Opinion

Using obesity to my advantage

I’ve gotten fatter since we last talked. But I would hope that the addition around my waistline, the extra padding around my thighs, the something extra you see in my face when I smile is something like joy. I want to be obese with it. Because that would mean I’m full. Full of life. Full of love. I hope it would mean I’m full of too many ice cream runs with friends, too many late night burritos and the occasional chocolate kiss.

I want to be obese in a healthy kind of way. Because anorexia is an absence, a need, a lack of, a belonging miscommunicated. A false life. The “absence of” makes it stronger. It being Depression. Suicide. Eating disorders. Without recognition, I give it power. So here’s to you. To it: friends die every 10.9 minutes from suicide[1], 1 in 10’s depression will go unnoticed[2] and eating disorders have risen 10 to 20 percent[3]. They all just want to be full. I am depressed like the other percent, but as I dwell on the last cookie taken in the cafeteria or the misplaced assignment, the mounting stress test I’m failing or the one moment too long I’m alone, I’ll remember what its like to be full. To not want. We can thirst and hunger together and maybe find what we are looking for.

I want more. Thomas Foster[4] said that “whenever people eat or drink together, it’s communion,” a consuming desire. So dine with me a while on the meaning of life and even if we don’t figure it out, we’ll thank the lucky stars we tried and fall among them as we land back on earth, obese and content from our travels. What if it was okay to be full? What if we believed in deserving the fullness of life? I want to be obese in self denial not self rejection. I want to be obese because people say that it’s one of the worst things to be. Full. I want to surprise everyone because I lift more than they weigh on my back, and on my shoulders the world rests. But I’m obese in understanding and a need for more. Excess or gluttony wouldn’t touch me because I’m surrounded and guarded by the love of few. I can be obese with you. Would you accept that? Full well?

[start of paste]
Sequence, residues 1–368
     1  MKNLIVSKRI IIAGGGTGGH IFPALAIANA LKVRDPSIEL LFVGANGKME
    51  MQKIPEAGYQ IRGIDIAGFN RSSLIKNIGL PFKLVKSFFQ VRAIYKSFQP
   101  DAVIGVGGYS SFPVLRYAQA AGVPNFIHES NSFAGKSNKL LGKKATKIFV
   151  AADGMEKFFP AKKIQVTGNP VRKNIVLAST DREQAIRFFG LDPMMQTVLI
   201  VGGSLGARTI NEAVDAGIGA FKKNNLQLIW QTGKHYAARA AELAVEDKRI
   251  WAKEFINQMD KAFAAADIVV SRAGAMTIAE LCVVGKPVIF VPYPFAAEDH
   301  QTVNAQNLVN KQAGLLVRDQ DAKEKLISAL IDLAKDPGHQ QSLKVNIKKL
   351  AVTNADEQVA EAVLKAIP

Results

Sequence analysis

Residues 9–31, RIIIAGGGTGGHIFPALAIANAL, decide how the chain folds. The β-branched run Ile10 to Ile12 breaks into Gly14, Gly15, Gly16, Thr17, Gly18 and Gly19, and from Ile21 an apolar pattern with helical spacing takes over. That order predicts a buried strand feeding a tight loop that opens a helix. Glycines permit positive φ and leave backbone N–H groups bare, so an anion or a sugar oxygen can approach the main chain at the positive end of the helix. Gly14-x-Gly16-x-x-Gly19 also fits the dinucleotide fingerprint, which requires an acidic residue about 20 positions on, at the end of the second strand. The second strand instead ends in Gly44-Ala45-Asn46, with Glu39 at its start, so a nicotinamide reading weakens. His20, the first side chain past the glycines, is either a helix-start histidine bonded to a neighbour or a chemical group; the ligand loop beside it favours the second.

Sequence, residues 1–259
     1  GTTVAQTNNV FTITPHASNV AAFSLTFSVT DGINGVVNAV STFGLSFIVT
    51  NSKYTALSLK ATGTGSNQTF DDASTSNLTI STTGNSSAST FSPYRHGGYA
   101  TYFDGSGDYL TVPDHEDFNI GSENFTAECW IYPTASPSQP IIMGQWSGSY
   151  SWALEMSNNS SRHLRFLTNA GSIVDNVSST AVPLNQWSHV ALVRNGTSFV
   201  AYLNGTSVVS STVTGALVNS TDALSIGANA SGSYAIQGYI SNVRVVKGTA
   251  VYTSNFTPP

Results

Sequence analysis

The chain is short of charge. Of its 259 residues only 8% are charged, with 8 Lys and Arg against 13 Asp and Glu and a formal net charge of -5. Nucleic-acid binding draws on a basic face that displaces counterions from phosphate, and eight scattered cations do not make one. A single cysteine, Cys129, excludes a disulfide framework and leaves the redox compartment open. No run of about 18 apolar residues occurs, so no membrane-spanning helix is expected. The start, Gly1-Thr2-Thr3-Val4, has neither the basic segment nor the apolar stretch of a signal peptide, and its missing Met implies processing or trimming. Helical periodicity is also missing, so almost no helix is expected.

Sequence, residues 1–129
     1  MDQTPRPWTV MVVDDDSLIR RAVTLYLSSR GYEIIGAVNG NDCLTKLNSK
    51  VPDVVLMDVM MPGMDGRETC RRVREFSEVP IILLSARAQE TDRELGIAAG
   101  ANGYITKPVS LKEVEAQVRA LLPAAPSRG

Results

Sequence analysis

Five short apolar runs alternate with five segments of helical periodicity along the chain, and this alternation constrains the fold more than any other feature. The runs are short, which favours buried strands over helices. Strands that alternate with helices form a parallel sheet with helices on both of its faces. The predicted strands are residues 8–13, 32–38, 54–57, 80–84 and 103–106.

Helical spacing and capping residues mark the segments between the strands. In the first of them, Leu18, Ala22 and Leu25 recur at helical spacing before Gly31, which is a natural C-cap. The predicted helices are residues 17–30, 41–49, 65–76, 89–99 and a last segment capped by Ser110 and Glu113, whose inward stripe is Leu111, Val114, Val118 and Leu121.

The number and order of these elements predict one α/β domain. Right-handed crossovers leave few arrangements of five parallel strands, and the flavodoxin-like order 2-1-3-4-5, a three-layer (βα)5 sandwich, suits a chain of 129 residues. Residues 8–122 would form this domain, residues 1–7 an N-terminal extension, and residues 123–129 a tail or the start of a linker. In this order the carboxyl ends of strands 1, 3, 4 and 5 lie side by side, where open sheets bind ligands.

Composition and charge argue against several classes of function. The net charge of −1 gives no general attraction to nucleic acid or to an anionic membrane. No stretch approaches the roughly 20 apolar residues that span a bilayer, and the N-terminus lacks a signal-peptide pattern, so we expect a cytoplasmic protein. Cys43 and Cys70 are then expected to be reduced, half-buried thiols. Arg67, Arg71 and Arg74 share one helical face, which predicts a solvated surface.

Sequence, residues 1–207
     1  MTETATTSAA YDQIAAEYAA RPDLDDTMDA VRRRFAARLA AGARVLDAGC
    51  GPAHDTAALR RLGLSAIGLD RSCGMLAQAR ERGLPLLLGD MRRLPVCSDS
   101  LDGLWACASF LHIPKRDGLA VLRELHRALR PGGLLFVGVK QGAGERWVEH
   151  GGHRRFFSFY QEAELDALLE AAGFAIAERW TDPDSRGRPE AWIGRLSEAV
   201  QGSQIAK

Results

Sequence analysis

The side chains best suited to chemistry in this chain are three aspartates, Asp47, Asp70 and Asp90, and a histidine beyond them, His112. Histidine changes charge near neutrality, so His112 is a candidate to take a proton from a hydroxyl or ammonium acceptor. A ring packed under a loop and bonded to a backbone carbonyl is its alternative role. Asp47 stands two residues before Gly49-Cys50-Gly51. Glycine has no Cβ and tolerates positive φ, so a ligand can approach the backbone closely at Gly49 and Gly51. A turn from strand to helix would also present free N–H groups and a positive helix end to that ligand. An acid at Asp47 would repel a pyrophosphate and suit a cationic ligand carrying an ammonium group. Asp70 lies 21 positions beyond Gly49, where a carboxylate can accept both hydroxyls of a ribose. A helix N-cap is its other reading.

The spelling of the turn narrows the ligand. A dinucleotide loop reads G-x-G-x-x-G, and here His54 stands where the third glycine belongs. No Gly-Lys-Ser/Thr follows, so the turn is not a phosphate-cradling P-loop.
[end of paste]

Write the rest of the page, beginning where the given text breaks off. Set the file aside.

The bread, the wine, the Swiss hot chocolate and the extra butter, theatre style microwave popcorn, the spaghetti and meatballs, the light and the dark, the sin and the redemption. Don’t these dualities make the most auspicious pair? So as I clean the coffee ring coring its way into my kitchen table and reclaim the extra space keeping me warm this winter, separating my muscle from my organs, and surrounding my heart, give me space and give me love, honesty and understanding enough to know that I am full.

That space will create room for trust and loyalty, for me to stretch myself instead of tightening up from being too fit, too perfectly sculpted. I’ll shower you with my imperfections in a single glance but from the looks of it, you’ll know I lived. So it’ll be okay that I can’t reach my toes because I’ll be too busy reaching out, and reaching almost entirely around you for that hug. Our fingers might just touch. That’d be enough. I’d have just enough space to bring you with me and just enough room to let you in and give you a place to stay. We’d eat to our hearts’ content and then give the rest away in a form of service. The roots of our giving embedded in the fullness of our own hearts and minds living in the fullness of a higher calling.

I’ve gotten fatter since we last talked. Can you tell? Can you see it in my face?

Join me at the table.

 

Sources:

[1] American Foundation for Suicide Prevention

[2] Centers for Disease Control and Prevention

[3] February 2013 study by the National Eating Disorders Association

[4] Thomas C. Foster, How To Read Literature Like a Professor

Callahan is a senior journalism major.

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